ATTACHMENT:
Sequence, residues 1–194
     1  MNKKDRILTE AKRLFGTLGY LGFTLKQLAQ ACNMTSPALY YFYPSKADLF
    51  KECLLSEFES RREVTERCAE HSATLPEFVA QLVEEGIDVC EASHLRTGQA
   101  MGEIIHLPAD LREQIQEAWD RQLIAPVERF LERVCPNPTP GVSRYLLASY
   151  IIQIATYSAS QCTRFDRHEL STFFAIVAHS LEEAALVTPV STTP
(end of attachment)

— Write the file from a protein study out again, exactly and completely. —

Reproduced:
Sequence, residues 1–194
     1  MNKKDRILTE AKRLFGTLGY LGFTLKQLAQ ACNMTSPALY YFYPSKADLF
    51  KECLLSEFES RREVTERCAE HSATLPEFVA QLVEEGIDVC EASHLRTGQA
   101  MGEIIHLPAD LREQIQEAWD RQLIAPVERF LERVCPNPTP GVSRYLLASY
   151  IIQIATYSAS QCTRFDRHEL STFFAIVAHS LEEAALVTPV STTP